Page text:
4. National City – Los Angeles, California

Photo via Wikimedia Commons

 

There is a real National City in California. It is located in the San Diego metropolitan area, and is just a stone’s throw away from Mexico. However, the National City that Kara Danvers, aka Supergirl, has sworn to protect is more like a famous California city a few hours away from the real-life National City.

 

What other city has a port, a tech company and a worldwide media company, all the while remaining resistant to the occasional wildfire and frequent earthquakes? National City is, no doubt, an alternate take on nothing less than the City of Angels itself, Los Angeles, California.

 

5. Starling City – San Francisco, California

Photo via Wikimedia Commons

 

Staying on the Western seaboard, another DC superhero is believed to call yet another famous California city home. The billionaire playboy Oliver Queen dons a hood at night and calls himself Arrow, the protector of the coastal Starling City.

 

Known simply as Star City in the comics, Starling City is believed to be modeled after downtown San Francisco. Aside from its distinct coastal location, other telltale signs that liken Starling City to San Francisco include its many landmarks such as the Star Bridge, which can basically be exchanged for the famous Golden Gate Bridge which connects San Francisco to the other cities in the Bay Area.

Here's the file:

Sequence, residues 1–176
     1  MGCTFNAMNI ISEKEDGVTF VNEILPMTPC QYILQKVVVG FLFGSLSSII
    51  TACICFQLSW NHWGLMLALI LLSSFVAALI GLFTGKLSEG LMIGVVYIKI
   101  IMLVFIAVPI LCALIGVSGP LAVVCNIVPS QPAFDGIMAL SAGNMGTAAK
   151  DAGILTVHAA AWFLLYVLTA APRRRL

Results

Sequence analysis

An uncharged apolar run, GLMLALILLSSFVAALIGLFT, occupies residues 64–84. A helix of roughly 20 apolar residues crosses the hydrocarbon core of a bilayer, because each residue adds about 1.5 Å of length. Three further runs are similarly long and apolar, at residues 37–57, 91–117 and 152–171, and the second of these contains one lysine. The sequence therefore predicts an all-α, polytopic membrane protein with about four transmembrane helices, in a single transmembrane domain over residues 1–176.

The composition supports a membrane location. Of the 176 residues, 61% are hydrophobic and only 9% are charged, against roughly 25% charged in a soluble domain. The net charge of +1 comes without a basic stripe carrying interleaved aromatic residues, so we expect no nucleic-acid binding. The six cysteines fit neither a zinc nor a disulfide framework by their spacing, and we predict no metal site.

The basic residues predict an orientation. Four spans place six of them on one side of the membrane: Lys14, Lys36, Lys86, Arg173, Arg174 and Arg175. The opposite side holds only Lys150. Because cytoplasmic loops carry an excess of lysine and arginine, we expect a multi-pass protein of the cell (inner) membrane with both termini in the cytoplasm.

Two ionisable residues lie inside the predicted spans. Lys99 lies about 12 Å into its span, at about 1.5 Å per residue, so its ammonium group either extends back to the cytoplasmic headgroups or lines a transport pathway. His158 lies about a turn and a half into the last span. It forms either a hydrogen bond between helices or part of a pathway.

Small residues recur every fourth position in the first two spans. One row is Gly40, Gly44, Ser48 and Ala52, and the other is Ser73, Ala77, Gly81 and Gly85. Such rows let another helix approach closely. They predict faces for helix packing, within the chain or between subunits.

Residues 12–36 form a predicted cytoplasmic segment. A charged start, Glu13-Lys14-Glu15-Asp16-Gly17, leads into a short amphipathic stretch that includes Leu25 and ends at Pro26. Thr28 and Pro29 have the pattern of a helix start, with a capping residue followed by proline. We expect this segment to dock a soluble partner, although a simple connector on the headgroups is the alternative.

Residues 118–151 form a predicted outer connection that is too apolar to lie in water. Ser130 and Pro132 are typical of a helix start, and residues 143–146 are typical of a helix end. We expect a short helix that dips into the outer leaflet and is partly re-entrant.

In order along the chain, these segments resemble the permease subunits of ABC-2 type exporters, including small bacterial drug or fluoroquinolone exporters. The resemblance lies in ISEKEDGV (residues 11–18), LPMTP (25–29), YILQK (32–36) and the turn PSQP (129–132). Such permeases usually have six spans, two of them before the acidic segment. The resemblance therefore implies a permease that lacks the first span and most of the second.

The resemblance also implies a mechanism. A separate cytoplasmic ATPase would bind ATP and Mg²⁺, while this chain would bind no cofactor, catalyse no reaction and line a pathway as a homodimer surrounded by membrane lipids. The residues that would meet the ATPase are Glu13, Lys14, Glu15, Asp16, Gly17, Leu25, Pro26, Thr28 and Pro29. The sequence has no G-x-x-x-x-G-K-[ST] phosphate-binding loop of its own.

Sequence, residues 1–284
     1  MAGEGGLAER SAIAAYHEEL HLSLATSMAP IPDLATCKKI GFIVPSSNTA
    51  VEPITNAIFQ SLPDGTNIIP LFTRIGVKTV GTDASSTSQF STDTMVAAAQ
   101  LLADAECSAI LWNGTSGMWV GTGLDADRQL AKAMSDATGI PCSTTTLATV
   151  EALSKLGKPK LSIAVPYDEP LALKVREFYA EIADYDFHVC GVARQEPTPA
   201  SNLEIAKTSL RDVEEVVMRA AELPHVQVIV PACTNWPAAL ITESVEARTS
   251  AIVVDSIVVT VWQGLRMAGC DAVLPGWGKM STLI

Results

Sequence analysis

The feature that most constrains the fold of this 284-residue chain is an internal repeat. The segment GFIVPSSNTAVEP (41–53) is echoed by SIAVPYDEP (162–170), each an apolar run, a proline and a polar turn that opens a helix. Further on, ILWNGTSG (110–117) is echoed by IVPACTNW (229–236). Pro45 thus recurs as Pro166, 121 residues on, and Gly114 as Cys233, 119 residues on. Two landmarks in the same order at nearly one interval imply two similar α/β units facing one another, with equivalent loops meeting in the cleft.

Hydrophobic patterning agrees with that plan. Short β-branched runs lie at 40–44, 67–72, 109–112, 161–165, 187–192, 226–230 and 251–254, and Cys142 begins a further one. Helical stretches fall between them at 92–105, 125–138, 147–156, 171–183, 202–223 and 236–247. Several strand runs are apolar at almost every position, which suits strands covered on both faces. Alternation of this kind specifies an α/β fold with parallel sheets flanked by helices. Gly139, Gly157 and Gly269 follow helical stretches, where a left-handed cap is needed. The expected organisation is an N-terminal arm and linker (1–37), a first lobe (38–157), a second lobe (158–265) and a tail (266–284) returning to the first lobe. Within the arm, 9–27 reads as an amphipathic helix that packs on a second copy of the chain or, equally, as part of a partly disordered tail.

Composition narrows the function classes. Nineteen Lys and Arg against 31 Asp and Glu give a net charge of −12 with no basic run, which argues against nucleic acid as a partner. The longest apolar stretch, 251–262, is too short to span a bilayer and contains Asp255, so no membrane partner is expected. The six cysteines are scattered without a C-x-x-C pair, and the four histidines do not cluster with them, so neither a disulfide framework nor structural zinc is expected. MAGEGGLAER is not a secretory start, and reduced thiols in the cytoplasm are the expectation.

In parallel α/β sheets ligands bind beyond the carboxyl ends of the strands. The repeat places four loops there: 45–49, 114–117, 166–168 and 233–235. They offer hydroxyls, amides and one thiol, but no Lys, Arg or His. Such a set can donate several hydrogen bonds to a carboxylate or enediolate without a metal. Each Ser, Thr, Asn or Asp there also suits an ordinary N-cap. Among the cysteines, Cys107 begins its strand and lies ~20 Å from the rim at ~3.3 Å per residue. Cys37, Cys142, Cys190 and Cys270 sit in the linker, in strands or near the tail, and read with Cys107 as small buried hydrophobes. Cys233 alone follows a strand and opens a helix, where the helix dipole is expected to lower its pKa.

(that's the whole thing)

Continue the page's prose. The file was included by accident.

6.    Gotham City – New York City, New York

Photo via Wikimedia Commons

 

Frank Miller, the comic book master himself, has quite frankly put it that if “Metropolis is New York City in the daytime, Gotham City is New York at night.” More specifically, Batman writer and editor Dennis O’Neill has pinned Gotham City as “Manhattan below 14th Street at 3AM, November 28 in a cold year,” and nothing less than the more sinister areas of the famous metropolis.

 

New York City has been likened to the hometown of Bruce Wayne so much so that it has earned itself the nickname of Gotham, even before the Gotham City we know came to exist. Basically, even then, calling a place Gotham meant it must be filled to the brim with crazy people or at least people who pretended to be. And boy must Gotham be packed with them then, given all the bad guys Batman, and those before him, have had to face—maybe even Batman himself, too.

 

7.    Arkham Asylum – Danvers State Hospital, Massachusetts

Photo via Wikimedia Commons

 

Arkham Asylum, where all of Batman’s foes are sent to rot, is based on the fictional Arkham Sanitarium in the works of acclaimed horror writer H.P. Lovecraft. Arkham Sanitarium, on the other hand, is based on a very real institution in the state of Massachusetts: the Danvers State Hospital or the Danvers Lunatic Asylum which opened in 1878.

 

Known as the birthplace of the prefrontal lobotomy, Danvers State Hospital gained infamy as its patients’ numbers grew and its staff was unable to care for them, leaving many to die and rot away under their noses. It completely closed in 1992, leaving its looming gothic towers and expansive underground tunnels, as well as its patients’ disturbing rooms, abandoned for almost a quarter of a century.